From the title, cover, and summary of the novel The Crossover, it is clear that this is a book about sports for young people, but what is less clear is that it’s going to be told in verse. However, as soon as the reader begins embarking on Josh Bell’s journey, they realize they are doing so through poetry. Alexander told an interviewer that his novel was rejected over twenty times because of the “disconnect” between a sports novel and poetry, but that it was important for him to pursue. He explained his thought process: “So, how do we hook kids who are reluctant readers? Well, poetry is a vehicle. I believe it can be the bridge…to take our kids to a more higher level of appreciation for language and literature.” He also said that “I figured that I would write it with poetry because poetry is something I've always loved reading. The second reason is I wanted to sort of mirror a basketball game. I thought, when you play basketball, you're dribbling and you're running fast and sometimes you stop, sometimes you're dunking or shooting. Basketball, when you're playing really well, is like poetry in motion. I thought I could best mirror the game of basketball with poetry.”

The poetry featured in The Crossover isn’t your typical iambic pentameter. There is a great deal of variety, including free verse, haiku, lists, found poems, unrhymed couplets, and passages with the rhythm of jazz or rap. Alexander is “in love with poetry. And there are so many different forms of poetry. And I believe I wanted to have that sort of variety, that sort of diversity of verse, so that kids could sort of figure out what they were interested in and what they could latch on to and perhaps mimic some of these poems themselves.” Some of the most compelling poems are those that mirror the experience of playing or watching basketball. Through the structure of the poem—the way the words stop and start like dribbling; how capital letters amp up the electricity; how spreading out letters or words suggests movement and the passage of time; how staccato bursts of words convey the beat of a heart or the bounce of a ball—Alexander creates emotion, imagery, and meaning.

Alexander has stated his ambition for the novel thusly: “I believe that [boys] don't have anything that's relatable. Basketball, sports is the hook, but once you get them hooked, family, love, friendship, brotherhood, you know, jealousy, all the things that girls are interested in, all the things that we're interested in. We're all interested in the same things, but I think sometimes with boys you have got to — you have to reach them a different way.” Indeed, the story of Josh Bell is one that young readers—perhaps especially boys—can absolutely relate to. All of the pangs of growing up are here: family issues; the changing relationship with a close friend (in this case, brother); jealousy and confusion over girls; success and failure; making mistakes and paying the price and learning from them.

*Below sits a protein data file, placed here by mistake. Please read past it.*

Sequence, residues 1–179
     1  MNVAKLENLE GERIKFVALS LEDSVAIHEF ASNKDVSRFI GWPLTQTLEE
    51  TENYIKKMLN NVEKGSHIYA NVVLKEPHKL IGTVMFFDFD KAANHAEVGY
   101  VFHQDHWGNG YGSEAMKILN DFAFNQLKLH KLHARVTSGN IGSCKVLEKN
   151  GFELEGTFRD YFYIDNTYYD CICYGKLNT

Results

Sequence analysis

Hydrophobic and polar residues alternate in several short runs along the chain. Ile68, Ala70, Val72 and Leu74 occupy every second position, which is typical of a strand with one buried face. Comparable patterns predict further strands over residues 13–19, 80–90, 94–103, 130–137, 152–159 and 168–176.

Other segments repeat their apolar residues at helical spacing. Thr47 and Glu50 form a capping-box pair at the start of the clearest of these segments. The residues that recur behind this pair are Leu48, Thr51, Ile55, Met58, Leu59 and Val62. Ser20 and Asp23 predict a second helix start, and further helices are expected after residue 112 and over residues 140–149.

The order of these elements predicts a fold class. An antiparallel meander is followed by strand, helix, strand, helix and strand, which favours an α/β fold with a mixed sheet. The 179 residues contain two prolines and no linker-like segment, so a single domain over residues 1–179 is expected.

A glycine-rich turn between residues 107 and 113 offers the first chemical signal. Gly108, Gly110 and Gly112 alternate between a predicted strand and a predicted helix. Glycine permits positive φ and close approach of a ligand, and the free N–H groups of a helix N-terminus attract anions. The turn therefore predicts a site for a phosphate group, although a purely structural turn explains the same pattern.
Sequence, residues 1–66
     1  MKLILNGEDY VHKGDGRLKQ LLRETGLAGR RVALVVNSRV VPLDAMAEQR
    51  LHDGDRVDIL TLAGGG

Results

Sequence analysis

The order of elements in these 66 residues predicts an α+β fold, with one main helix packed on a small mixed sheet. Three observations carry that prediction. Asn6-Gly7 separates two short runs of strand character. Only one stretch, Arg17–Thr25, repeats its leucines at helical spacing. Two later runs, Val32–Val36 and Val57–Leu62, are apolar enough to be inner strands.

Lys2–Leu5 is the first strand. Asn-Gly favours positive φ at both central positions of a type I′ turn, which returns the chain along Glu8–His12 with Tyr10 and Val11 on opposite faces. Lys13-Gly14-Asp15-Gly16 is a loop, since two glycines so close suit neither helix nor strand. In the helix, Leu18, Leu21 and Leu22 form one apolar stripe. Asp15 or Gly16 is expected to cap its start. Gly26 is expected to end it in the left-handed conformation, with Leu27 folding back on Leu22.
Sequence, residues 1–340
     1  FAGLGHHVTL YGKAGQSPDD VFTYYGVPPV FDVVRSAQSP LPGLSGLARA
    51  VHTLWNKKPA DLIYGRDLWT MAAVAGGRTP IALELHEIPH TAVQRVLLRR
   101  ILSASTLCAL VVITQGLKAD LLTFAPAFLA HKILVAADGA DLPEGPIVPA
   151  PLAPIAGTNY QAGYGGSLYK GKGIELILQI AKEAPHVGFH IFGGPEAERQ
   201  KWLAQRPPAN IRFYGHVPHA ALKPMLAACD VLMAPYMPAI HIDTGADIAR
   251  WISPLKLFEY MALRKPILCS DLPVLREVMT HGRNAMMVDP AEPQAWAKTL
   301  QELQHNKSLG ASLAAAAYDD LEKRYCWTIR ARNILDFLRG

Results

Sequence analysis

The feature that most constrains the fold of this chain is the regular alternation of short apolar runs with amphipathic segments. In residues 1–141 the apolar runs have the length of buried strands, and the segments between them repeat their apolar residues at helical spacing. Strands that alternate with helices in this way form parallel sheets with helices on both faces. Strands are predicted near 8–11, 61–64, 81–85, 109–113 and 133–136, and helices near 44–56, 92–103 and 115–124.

The novel is a loose bildungsroman in which the reader follows a central character through his or her formative year(s) and their intellectual/spiritual/psychological development. In this case, that character is Josh Bell, and we have the privilege of exploring his interior state as he goes through his eighth-grade year. He’s funny, bright, creative, talented, and fiercely loyal to his family. Whereas his twin Jordan begins to temper his love of basketball and family with his new girlfriend, Josh cannot brook any disruption to the life he loves so ardently. Of course, as perspicacious readers, we can see that if Josh had a girlfriend, he might devote a little less time to basketball and family, too. He, his brother, and his friends are in an interstitial time in their lives: they’re between childhood and young adulthood, and it’s only natural that some of them are going to start moving at a different pace than the others. Josh isn’t immature; he does indicate numerous times that he is jealous and would like a girlfriend, but he simply isn’t yet experiencing what JB and Vondie are.

Alexander does an excellent job of allowing the reader to sympathize with both Josh and JB. Josh’s feelings make complete sense: he’s used to things being a certain way—his twin brother is his best friend, they’re both stars on the basketball court, etc. Now, something has changed—Josh is eating lunch alone, walking home from school alone, and realizing that he too would like a girlfriend. But, of course, JB is not the enemy: it is perfectly normal that he wants to spend time with Alexis, who, while a minor character, is a vibrant and compelling one. He isn’t intending to hurt Josh’s feelings—he’s just growing up and expanding his interests.